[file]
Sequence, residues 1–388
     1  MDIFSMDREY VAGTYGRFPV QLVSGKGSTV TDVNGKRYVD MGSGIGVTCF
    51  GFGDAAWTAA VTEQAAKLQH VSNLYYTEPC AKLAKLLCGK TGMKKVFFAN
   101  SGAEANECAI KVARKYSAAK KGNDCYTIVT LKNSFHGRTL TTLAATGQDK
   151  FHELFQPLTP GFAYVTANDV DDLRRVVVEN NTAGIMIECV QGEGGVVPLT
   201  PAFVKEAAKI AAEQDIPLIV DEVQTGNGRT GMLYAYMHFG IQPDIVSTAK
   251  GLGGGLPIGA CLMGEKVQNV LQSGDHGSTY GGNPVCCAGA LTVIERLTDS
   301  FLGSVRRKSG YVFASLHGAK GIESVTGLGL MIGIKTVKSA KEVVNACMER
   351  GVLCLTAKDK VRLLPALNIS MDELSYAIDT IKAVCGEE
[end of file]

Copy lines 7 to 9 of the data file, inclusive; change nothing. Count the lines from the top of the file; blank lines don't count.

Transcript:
   251  GLGGGLPIGA CLMGEKVQNV LQSGDHGSTY GGNPVCCAGA LTVIERLTDS
   301  FLGSVRRKSG YVFASLHGAK GIESVTGLGL MIGIKTVKSA KEVVNACMER
   351  GVLCLTAKDK VRLLPALNIS MDELSYAIDT IKAVCGEE